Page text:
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Chinese Natives
Chinese Natives

The mountains of Southern and Central China are rich in plant species, with new ones regularly being introduced to horticulture. Most Chinese Salvias are cold hardy herbaceous perennials; a number are heat tolerant as well. They thrive in partial shade, such as woodland gardens and locations with morning sun and afternoon shade. Some grow well in full shade.

Many of these sages are the subjects of modern medical research, because the Chinese have used them in herbal remedies for millennia. All the ones we grow and list here are reliable and beautiful.

Please note: Many of these are seed grown, and this group is especially prone to interspecific hybrids.  So there may be variation in color, flower form and size.

(Campanula Leaf Sage) The deep yellow flowers of Campanula Leaf Sages are scarce among Salvias. If British plant explorer Chris Chadwell is correct, what he has identified as Salvia aff. campanulata 'CC#7713' should be a sunny Himalayan beauty.

(Himalayan Sage or Kashmir Sage) The word "hians" in Salvia hians means "gaping" and refers to the hanging lip of this sage's flowers, which bloom from late spring through early fall.  This may or may not the "true" species as it is described, hence the term aff or affnis in the name, which indicates that this plant is related to, has an affinity to, but is not identical to Salvia hians.

(Purple & Yellow Yunnan Sage or ji ye shu wei cao) Confusion about this plant's scientific name cause it to appear in some sources as Salvia flava var. megalantha. Whatever you call it, this Chinese species from Yunnan Province has enchanting yellow and purple flowers that attract viewers as well as honeybees.

(Campanula Leaf Sage) Spectacular yellow-flowering Salvias are rare, so this one stands out. Its large, almost round leaves form a basal clump that is attractive and tough. Bright yellow flowers arise from the clump on stems up to 48 inches tall.

(Campanula Leaf Sage) The deep yellow flowers of Campanulata Leaf Sages are scarce among Salvias. Salvia campanulata CC#7706 is a sunny Himalayan beauty.

(xin jiang shu wei cao) Long, branched spikes of blue-purple flowers with distinctive purple-red bracts makes this a showy garden plant. It is also well known as a medicinal sage in its Asian homelands.

(Red Sage, Chinese Sage, Dan-shen)  The bright red, finger-like roots of Salvia miltiorrhiza have a long history in traditional Chinese  herbal  medicine.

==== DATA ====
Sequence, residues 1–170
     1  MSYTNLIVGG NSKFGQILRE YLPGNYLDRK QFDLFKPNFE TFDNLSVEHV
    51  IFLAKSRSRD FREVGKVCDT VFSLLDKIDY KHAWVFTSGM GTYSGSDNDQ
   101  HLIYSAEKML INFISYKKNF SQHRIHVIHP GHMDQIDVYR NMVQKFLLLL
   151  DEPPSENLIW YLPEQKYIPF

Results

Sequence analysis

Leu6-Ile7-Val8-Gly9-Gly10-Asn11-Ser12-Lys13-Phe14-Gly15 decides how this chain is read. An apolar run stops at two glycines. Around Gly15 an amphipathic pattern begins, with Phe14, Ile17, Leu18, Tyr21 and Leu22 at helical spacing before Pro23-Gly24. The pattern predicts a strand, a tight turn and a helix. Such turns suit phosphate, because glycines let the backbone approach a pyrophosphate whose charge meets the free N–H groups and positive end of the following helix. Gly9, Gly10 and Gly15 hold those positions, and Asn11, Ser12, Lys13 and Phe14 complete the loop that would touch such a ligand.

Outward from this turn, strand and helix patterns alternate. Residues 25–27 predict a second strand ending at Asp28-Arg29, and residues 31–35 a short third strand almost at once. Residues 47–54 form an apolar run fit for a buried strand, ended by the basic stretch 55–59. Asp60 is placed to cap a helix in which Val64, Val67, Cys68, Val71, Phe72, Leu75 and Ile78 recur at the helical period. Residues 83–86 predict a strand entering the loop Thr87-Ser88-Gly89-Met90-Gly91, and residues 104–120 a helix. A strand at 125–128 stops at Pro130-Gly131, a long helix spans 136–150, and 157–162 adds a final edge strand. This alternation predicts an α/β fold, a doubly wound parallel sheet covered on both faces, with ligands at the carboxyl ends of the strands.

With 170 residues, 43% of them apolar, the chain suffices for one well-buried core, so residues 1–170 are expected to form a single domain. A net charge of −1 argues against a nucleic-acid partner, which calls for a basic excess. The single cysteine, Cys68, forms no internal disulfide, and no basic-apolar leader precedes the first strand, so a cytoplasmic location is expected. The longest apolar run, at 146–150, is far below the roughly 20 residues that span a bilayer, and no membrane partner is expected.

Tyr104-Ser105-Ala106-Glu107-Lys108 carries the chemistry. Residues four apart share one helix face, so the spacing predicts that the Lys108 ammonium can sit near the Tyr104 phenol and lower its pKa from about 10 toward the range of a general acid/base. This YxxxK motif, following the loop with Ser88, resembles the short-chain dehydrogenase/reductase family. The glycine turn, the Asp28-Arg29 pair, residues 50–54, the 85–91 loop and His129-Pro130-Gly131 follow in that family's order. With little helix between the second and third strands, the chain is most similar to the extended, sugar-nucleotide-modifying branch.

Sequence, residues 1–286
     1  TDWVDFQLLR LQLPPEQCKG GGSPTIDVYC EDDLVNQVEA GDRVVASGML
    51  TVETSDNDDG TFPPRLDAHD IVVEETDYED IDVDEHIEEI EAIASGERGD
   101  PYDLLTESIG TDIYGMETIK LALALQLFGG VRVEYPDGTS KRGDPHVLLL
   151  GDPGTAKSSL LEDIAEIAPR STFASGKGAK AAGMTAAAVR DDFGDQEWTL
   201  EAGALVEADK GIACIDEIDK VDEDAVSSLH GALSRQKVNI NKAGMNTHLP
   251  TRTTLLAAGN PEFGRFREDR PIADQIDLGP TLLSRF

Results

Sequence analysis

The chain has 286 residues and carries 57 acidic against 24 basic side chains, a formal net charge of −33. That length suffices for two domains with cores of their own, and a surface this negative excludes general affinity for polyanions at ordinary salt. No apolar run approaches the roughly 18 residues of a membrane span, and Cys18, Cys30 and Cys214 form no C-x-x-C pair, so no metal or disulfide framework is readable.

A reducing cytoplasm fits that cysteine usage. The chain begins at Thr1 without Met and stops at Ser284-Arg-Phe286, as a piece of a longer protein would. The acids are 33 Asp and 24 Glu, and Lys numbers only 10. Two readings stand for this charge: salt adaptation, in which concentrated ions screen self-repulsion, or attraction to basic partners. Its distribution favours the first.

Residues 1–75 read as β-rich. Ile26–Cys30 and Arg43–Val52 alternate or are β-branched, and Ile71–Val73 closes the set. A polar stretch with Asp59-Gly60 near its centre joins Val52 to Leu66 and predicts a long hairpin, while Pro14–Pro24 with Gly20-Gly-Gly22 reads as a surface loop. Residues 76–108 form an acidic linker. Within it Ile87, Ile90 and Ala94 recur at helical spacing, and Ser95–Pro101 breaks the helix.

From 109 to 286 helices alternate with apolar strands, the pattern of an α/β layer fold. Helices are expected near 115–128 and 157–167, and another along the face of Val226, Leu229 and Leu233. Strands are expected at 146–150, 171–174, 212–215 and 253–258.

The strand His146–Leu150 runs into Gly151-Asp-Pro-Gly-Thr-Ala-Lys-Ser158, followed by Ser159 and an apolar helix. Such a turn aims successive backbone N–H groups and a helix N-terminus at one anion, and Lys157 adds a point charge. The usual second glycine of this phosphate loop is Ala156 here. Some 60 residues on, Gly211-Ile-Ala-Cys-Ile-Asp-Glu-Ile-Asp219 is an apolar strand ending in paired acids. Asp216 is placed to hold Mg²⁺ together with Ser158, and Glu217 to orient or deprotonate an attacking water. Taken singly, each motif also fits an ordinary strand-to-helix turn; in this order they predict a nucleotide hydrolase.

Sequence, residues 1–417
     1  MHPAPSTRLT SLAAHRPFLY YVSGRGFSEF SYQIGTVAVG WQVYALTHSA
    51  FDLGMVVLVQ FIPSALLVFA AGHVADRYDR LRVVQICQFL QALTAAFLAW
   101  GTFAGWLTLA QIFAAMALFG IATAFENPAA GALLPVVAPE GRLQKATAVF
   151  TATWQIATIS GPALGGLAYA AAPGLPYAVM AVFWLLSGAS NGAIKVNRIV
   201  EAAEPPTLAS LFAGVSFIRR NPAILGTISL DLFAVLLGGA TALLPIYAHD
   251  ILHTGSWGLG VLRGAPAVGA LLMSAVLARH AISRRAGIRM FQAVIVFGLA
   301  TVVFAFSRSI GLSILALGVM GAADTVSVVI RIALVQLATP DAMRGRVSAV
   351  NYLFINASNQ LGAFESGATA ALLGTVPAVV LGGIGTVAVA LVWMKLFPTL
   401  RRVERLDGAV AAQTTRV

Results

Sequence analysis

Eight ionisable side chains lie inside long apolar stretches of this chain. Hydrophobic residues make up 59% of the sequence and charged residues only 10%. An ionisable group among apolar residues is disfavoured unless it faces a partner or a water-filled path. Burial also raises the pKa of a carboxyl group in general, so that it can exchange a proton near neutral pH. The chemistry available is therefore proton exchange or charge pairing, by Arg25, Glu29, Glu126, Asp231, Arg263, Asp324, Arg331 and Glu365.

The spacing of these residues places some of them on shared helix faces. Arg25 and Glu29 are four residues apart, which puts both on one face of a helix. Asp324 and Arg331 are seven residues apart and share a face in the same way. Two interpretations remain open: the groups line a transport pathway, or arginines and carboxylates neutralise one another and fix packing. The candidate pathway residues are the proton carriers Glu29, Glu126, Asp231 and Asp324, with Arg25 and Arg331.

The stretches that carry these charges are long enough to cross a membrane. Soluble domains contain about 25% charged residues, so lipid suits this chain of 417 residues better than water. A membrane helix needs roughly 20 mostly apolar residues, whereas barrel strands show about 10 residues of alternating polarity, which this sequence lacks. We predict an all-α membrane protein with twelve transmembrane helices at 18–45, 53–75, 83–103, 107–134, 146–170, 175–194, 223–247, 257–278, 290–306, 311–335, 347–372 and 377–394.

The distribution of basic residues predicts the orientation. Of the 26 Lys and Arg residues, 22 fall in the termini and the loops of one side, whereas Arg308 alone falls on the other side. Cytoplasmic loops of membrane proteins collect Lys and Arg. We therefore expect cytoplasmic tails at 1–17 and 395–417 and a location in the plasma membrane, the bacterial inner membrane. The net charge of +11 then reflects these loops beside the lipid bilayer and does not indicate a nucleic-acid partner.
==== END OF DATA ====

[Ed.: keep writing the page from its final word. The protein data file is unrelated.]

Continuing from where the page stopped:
(Giant Dan-shen) This strain is highly vigorous and grows larger than others of this species. The flowers are larger as well, and the inflorescence are taller and longer lasting. We are happy to offer this variety for the first time in 2019.

(Himalayan Cloud Sage) Nepal's Muktinath Valley -- a sacred site for Hindus and Buddhists -- is the place to go to see this majestically tall shade perennial in the wild. It grows at altitudes up to 14,000 feet and often emerges while the ground is still snowy.

(Li zhi cao) Unassuming in appearance, Salvia plebeia is a sage with powerful medical potential. In China, it has a long history of use in folk remedies for problems such as sore throat, bronchitis, urinary infections and inflammation of the liver.

(Black Dan-shen) Growing into a basal rosette of leaves measuring up to 3 feet across, Salvia przewalskii 'CC5795' is known for its handsome foliage and deep purple, almost black flowers.

(Dan-shen Gansu) Growing into a large basal rosette of leaves measuring up to 3 feet across, Salvia przewalskii var. mandarinorum is known for its handsome foliage.

(Bicolor Szechuan Sage) Cold hardy Chinese Salvias are a large and confusing group when it comes to scientific nomenclature. Identification for naming is expensive and difficult. That is why one of our most popular varieties doesn't have a scientific name!

(Mystery Yunnan Sage) Sometimes we come across a beauty that has no name. This lovely species from China's Yunnan province is an excellent example. Aside from lacking scientific and common names, it arrived here as an imported seed with little information about how the plant was discovered.

(san ye shu wei cao) So what do all those Pinyin words mean in this sage’s common name? We’ll give you an answer to the best of our ability in a minute. Meanwhile, we need to note that this medicinal Asian sage has handsome foliage and deep violet flowers.

(Mellow Yellow Sage) Yellow-flowering Salvias always command attention in the garden.   An intentional hybrid between the very rare and difficult to grow Salvia bulleyana and the energetic Salvia campanulata, this plant embodies the best characteristics of each parent.

(Yunnan Sage or yun nan shu wei cao) Yunnan Sage's tall spikes of violet-to-purple flowers bloom from summer into fall. Native to Southwestern China's provinces of Yunnan, Guizhou and Sichuan, it grows on shady, grassy hillsides and along forest margins at elevations up to 9,500 feet.